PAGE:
At any time in your career, you may walk into a situation where you or other healthcare workers perceive a patient’s behavior to be difficult or unmanageable. It is more likely you’ll consider a patient’s behavior to be difficult when you’re a new healthcare worker. Handling difficult behavior comes with the territory and offers you the opportunity to learn new skills you can generalize to nearly all aspects of your life.
As you read through some of the tips below, you may consider helping someone in a difficult situation, and it’s important to remember that the clients’ background, current situation, and your own perceptions all have an impact on behavior. Whether you have a client who’s being difficult at home or in a facility, first try to imagine the situation through their eyes. If you can empathize and think about their perception of what’s happening, it will help you through the rest of the steps.
First and foremost, stay calm
Anytime you’re trying to deal with someone frustrated, aggravated, or even outright angry, the best approach is for you to remain calm. When your emotions escalate, it only feeds into the other person’s anger, and things can quickly get out of hand. It’s important to remember your client is likely not attacking you personally but acting from anxiety or are resistant to what is happening to them. As you remain calm and in control, it allows the client to get themselves under control and often defuses the situation.
Empathy is the name of the game
As we said earlier, one of the quickest ways to diffuse the situation is to understand what’s happening is to be empathetic. Take a deep breath and remember it is not easy to be in your clients’ shoes, at home, unable to care for themselves independently or in the hospital in pain and away from their family. Treat your client with respect and stop any expressions of defensiveness before they leave your mouth. The situation is upsetting to them, and this is how they’re coping.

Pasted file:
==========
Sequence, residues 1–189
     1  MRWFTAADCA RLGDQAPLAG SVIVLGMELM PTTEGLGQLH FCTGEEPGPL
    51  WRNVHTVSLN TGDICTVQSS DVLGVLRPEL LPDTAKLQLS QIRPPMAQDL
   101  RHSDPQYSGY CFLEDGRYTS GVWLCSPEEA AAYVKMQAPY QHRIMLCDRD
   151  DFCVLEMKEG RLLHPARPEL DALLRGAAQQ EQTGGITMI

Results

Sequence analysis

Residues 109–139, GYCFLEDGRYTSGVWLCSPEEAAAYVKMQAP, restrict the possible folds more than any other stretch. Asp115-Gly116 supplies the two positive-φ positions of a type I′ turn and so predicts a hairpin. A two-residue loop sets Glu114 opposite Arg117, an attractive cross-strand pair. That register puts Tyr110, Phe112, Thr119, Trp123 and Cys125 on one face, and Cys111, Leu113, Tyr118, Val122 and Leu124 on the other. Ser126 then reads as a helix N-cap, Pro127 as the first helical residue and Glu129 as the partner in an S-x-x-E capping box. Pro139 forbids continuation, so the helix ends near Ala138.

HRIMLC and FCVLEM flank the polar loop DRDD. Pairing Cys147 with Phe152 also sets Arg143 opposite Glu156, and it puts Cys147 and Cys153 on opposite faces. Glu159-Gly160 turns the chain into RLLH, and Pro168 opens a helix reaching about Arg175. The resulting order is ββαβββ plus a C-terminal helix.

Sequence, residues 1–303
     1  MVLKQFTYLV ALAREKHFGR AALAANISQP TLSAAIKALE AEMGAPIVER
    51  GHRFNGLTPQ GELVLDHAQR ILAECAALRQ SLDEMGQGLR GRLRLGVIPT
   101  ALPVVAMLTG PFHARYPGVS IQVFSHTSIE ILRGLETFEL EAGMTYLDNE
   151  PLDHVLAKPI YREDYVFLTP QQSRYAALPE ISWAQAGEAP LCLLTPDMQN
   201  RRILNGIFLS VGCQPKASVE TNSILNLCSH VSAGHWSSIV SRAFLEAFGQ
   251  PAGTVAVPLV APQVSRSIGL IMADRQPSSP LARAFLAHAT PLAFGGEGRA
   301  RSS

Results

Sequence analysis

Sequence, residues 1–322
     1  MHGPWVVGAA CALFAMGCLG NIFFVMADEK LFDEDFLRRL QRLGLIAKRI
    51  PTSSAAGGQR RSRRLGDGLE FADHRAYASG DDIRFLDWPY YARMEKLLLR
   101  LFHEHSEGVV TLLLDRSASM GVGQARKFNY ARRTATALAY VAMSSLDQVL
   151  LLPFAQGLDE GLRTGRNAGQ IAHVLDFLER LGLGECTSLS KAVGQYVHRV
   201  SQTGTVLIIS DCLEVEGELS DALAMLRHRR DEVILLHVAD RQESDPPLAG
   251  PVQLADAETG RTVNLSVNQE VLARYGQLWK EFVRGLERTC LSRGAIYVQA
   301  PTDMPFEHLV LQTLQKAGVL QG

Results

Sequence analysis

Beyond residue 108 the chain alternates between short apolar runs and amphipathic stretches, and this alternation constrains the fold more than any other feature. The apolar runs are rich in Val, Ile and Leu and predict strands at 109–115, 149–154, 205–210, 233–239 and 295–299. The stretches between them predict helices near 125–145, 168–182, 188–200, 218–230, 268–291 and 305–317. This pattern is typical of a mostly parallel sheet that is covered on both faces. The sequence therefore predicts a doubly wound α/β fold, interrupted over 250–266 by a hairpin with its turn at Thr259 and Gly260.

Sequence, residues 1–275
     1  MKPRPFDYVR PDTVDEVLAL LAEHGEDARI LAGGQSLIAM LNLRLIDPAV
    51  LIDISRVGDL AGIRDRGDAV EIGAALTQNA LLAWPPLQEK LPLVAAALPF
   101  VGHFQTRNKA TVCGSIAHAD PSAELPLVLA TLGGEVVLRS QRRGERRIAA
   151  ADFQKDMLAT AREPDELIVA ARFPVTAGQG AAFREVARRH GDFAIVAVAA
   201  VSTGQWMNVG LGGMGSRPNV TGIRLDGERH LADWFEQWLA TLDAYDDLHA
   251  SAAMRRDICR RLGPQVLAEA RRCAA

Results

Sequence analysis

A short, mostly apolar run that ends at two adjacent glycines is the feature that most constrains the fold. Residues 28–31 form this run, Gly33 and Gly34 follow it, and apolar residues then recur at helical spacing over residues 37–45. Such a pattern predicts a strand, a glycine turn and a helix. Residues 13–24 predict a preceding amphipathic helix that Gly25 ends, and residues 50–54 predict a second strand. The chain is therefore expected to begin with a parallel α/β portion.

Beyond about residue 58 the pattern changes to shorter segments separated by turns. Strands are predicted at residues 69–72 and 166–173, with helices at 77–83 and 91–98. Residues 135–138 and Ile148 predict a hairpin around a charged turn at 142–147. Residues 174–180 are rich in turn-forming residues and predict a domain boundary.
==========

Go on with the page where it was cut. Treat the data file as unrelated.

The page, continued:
Pay attention to your body language
When you start to get frustrated or angry, it often changes the way that you breathe, stand, or sit. Keep your hands in your lap or at your side and try to take slow deep breaths. Although others do it unconsciously, many times, your client will react to your unspoken body language.
When clients get upset, they might try to push your buttons and pull you into an argument. Although you are entitled to an opinion, it is essential you express it respectfully. Instead of addressing what appears to be making your client upset, try apologizing for what is likely not the reason. As your client calms down, sit down, and have a supportive and quiet conversation.
Identify the issue and move forward appropriately
In the majority of cases, your client may be resistant to medical recommendations because they’re angry, frightened, or defensive. Others may present a list of complaints in addition to anxiety, depression, or personality disorders. Some are manipulative and use guilt or the threat of legal action to get what they’re looking for. And a fourth type present frequently to the healthcare team as they may be misinformed about their condition and continue to seek care, often because they’re lonely, worried, or embarrassed.
In each case, it’s important to attempt to identify the underlying issues and address your client from that perspective. And this way you’ll have the greatest success in helping the client overcome their challenges as well as being able to walk away without being angry yourself.
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